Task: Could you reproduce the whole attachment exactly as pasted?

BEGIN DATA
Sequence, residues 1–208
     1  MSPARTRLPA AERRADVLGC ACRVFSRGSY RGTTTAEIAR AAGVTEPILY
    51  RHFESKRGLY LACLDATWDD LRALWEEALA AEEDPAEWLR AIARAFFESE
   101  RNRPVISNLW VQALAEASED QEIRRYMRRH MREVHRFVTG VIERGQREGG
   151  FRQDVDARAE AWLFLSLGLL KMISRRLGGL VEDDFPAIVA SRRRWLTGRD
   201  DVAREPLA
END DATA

Sequence, residues 1–208
     1  MSPARTRLPA AERRADVLGC ACRVFSRGSY RGTTTAEIAR AAGVTEPILY
    51  RHFESKRGLY LACLDATWDD LRALWEEALA AEEDPAEWLR AIARAFFESE
   101  RNRPVISNLW VQALAEASED QEIRRYMRRH MREVHRFVTG VIERGQREGG
   151  FRQDVDARAE AWLFLSLGLL KMISRRLGGL VEDDFPAIVA SRRRWLTGRD
   201  DVAREPLA